How high prices for diabetes care amplify health inequities

At the start of the Covid-19 outbreak, when my insurance wouldn’t allow me to get a backup supply of the insulin I need to live, I received eight vials in the mail from my friend Rena. It’s not the first time I’ve had to rely on my type 1 diabetes family for backup: I’ve traded medications with a cyclist in the middle of Kansas, and been given glucose sensors from people via Instagram direct messages.

These exchanges are built on shared urgency. The 1.25 million Americans with type 1 diabetes, or T1D, must constantly regulate and administer a medication that both keeps them alive—and if over or underdosed, can kill them. But today, far too many diabetics struggle to access insulin and the medical devices necessary for our survival.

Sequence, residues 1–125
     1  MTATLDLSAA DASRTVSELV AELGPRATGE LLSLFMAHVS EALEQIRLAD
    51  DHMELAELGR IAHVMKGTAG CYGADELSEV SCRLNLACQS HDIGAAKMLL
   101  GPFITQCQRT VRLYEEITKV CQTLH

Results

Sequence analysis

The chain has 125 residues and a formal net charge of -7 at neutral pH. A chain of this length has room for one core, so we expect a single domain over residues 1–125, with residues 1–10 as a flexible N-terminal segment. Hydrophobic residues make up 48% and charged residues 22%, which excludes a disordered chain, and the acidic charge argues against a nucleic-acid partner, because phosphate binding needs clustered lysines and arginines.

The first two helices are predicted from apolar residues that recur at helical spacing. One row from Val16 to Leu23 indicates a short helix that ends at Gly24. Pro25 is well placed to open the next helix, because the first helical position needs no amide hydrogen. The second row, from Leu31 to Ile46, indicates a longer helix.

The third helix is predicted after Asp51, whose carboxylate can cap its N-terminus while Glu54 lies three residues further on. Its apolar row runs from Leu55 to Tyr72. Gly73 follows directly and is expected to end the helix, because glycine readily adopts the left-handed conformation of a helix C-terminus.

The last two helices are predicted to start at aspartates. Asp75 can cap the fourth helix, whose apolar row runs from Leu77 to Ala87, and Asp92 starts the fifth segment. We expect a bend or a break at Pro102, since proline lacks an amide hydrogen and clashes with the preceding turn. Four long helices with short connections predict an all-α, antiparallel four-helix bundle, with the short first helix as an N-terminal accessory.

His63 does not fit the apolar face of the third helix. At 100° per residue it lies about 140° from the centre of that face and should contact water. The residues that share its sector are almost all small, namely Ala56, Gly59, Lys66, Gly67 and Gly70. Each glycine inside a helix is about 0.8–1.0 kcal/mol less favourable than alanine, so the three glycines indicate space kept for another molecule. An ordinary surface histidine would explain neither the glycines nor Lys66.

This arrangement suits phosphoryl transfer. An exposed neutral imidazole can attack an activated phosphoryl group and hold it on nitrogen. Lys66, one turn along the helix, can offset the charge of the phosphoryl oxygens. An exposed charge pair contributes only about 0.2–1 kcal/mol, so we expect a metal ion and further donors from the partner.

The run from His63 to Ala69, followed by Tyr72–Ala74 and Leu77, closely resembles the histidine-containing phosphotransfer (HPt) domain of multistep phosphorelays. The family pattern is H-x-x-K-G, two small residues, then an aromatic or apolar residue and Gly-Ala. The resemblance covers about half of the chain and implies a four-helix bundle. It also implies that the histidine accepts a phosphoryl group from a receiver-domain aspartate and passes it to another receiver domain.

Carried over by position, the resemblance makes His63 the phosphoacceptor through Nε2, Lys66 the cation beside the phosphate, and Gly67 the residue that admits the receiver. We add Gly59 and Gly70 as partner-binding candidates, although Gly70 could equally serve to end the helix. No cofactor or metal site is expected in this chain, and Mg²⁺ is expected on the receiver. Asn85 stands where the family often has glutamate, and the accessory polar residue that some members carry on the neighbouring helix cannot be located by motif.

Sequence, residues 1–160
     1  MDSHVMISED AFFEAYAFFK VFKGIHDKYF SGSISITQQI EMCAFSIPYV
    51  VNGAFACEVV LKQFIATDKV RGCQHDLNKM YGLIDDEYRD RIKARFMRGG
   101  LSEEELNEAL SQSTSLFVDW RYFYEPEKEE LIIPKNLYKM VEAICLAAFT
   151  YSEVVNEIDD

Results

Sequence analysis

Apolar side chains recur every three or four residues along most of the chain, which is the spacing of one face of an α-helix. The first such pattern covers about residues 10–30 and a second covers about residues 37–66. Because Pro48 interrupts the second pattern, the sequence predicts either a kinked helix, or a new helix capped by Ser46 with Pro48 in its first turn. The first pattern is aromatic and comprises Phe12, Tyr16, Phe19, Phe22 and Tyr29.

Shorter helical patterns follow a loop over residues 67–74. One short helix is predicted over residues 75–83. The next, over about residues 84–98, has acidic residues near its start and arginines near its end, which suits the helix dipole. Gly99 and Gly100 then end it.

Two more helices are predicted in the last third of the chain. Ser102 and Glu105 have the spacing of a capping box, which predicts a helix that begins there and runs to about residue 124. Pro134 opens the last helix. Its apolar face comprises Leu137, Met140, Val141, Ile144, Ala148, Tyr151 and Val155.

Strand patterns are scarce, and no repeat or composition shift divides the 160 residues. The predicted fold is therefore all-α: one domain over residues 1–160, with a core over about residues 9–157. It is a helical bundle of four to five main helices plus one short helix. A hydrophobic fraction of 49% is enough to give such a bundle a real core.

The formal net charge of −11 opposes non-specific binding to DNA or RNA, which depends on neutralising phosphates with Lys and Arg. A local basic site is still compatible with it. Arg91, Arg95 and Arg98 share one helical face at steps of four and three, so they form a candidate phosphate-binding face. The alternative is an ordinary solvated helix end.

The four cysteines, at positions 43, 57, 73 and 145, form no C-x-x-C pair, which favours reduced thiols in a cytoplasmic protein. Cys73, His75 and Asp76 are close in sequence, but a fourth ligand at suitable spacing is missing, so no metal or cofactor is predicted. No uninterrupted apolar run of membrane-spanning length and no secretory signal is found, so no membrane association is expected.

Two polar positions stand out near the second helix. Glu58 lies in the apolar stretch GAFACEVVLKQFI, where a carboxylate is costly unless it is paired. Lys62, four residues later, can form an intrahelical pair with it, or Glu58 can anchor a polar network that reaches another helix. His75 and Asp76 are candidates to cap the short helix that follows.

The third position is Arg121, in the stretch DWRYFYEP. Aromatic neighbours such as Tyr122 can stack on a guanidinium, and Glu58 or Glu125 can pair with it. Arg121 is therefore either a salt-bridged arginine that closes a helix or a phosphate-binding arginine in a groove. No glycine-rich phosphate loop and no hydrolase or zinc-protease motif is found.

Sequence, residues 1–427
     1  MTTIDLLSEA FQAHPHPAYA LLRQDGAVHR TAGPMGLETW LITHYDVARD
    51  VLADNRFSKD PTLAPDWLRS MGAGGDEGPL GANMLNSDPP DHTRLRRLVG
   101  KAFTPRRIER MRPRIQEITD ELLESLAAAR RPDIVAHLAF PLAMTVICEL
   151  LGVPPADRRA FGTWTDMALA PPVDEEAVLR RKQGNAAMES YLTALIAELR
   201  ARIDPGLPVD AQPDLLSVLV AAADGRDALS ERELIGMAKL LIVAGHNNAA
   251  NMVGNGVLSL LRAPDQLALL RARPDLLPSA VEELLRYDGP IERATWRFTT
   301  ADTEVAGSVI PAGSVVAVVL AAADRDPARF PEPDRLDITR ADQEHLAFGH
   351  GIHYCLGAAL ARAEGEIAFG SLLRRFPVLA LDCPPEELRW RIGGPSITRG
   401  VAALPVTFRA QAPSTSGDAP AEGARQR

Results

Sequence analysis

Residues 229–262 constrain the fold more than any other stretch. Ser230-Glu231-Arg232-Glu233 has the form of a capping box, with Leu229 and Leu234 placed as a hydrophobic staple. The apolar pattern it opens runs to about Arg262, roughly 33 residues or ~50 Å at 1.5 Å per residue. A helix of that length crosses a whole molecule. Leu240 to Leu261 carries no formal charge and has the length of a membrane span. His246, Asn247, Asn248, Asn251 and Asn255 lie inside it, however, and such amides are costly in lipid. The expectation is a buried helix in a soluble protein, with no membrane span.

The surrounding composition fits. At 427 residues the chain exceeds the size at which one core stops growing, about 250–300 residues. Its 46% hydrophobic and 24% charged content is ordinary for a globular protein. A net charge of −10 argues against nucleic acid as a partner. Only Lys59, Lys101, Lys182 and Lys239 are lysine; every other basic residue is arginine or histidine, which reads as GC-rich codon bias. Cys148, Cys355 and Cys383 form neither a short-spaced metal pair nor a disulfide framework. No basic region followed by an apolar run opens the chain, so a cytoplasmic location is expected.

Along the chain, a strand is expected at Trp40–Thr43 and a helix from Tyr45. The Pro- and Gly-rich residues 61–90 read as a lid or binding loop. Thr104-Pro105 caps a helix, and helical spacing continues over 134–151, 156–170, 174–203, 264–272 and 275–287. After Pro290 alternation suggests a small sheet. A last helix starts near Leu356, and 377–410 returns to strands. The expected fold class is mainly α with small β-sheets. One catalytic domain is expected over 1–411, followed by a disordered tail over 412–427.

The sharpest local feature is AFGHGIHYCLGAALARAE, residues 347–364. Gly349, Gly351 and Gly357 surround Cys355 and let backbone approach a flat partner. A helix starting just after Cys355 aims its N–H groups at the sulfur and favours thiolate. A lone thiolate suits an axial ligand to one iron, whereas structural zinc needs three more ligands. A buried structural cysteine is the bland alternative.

Discovered in 1922 by Frederick Banting, Charles Best, and James Collip, insulin is our life support. The trio sold their patent to the University of Toronto for $1 because they thought it would be unethical to profit off of such a discovery. Today, insulin manufacturer Eli Lilly has increased the cost of a one-month supply of insulin by 1200% over the course of 23 years. A vial of insulin can now cost up to $350.

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